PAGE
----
Tall Ships - Agents of Transformation
Dr Llyn Smith.
This paper explores the phenomenal growth of sail-training on tall ships against a backdrop of transformations in global capital and the restructuring of the conditions of labour. There is a particular focus on the metaphorical and philosophical ways in which the experience is both subjectively understood by students and presented to the public by organizations. (“You can’t change the ocean – you can only change your course.” “Sail a square-rigger and learn what you need to know for life in the twenty-first century”.) Based on research on sail-training organizations in the United States, Australia and the U.K., I argue that a tall ship offers a space where “community” is inescapable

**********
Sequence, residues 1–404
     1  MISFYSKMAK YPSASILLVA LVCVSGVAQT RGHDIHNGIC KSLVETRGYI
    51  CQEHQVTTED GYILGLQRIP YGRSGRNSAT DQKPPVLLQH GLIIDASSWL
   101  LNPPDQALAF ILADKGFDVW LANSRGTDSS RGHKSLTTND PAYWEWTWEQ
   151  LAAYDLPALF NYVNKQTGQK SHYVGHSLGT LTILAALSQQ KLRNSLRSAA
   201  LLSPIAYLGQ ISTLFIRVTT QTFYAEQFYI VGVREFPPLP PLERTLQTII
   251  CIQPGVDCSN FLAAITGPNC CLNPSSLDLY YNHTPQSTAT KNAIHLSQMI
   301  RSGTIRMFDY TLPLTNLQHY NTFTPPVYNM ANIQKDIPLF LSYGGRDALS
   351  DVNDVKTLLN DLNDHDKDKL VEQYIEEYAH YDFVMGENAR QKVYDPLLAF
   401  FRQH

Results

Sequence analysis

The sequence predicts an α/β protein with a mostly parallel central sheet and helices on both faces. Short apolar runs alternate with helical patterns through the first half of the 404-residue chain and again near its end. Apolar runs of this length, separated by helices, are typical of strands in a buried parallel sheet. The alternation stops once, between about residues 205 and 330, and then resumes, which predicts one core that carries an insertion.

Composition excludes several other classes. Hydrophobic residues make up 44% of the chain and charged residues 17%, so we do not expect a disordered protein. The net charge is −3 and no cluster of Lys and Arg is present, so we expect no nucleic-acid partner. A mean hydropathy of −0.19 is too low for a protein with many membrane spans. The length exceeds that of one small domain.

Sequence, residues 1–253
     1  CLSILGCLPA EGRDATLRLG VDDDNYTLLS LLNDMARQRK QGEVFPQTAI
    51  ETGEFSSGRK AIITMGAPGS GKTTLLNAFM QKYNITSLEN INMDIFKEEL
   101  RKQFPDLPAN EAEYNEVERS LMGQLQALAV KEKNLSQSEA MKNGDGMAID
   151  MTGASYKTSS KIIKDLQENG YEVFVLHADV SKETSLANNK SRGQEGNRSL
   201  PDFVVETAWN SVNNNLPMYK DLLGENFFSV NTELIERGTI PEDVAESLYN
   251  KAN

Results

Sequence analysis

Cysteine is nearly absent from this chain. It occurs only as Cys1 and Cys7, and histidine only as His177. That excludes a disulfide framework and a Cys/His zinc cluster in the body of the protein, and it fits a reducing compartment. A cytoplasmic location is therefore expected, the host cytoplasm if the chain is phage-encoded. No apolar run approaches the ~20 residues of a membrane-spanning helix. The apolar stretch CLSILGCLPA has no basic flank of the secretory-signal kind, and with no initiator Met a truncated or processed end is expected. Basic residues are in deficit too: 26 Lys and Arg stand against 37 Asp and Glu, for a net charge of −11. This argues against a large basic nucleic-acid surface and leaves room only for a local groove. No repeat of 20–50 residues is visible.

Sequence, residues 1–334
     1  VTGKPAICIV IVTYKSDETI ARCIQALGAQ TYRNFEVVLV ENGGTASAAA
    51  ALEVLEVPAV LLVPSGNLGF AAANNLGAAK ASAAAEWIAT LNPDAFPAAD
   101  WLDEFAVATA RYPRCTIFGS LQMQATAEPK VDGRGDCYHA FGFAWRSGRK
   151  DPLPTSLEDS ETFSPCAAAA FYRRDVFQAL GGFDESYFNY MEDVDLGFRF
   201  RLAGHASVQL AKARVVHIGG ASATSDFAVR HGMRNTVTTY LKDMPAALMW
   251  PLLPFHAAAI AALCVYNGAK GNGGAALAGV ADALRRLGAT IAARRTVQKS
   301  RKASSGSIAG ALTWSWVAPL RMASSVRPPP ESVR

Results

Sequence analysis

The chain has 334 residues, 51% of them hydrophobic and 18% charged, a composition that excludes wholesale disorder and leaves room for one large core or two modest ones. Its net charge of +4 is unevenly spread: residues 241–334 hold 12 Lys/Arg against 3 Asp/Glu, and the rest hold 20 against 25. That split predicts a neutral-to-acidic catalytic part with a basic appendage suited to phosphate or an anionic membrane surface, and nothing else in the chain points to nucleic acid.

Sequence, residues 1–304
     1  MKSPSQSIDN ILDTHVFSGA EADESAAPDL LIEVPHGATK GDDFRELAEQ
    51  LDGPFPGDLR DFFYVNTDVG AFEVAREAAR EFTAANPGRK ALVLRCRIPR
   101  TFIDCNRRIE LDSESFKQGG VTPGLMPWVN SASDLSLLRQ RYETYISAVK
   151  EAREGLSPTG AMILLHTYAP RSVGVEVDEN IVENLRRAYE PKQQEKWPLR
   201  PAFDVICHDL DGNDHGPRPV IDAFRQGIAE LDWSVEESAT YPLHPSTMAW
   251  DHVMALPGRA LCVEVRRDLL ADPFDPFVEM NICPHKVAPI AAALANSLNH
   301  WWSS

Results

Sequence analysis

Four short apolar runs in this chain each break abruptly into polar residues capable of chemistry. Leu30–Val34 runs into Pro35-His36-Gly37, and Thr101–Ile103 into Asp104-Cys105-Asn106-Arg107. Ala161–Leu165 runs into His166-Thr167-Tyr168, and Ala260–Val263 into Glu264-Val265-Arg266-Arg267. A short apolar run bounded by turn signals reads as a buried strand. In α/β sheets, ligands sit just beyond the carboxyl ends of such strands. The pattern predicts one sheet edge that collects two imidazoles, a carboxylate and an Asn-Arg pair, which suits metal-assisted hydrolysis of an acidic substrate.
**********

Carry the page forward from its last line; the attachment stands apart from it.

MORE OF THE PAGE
and self–discovery is guaranteed, through the experience of teamwork, the overcoming of hardships and the appreciation of the overwhelming power of nature. The ocean has always been represented as primordial and liminal space and the demands of contemporary capitalism for new social relations take advantage of this arena of possibility.
Dr Llyn Smith (United States)
Chair / Associate Professor
Humboldt State University
Llyn Smith teaches Anthropology at Humboldt State University in Northern California. She completed an undergraduate degree in Anthropology at Adelaide University, and a PhD at University College London. She has undertaken research on transsexuality and Islamic cosmology and the constitution of Islamic community in South Asia. She is currently investigating the growth of “sail training” on “tall ships” as a response to transformations in global capital and the restructuring of the conditions of labour.
(30 min. Conference Paper, English)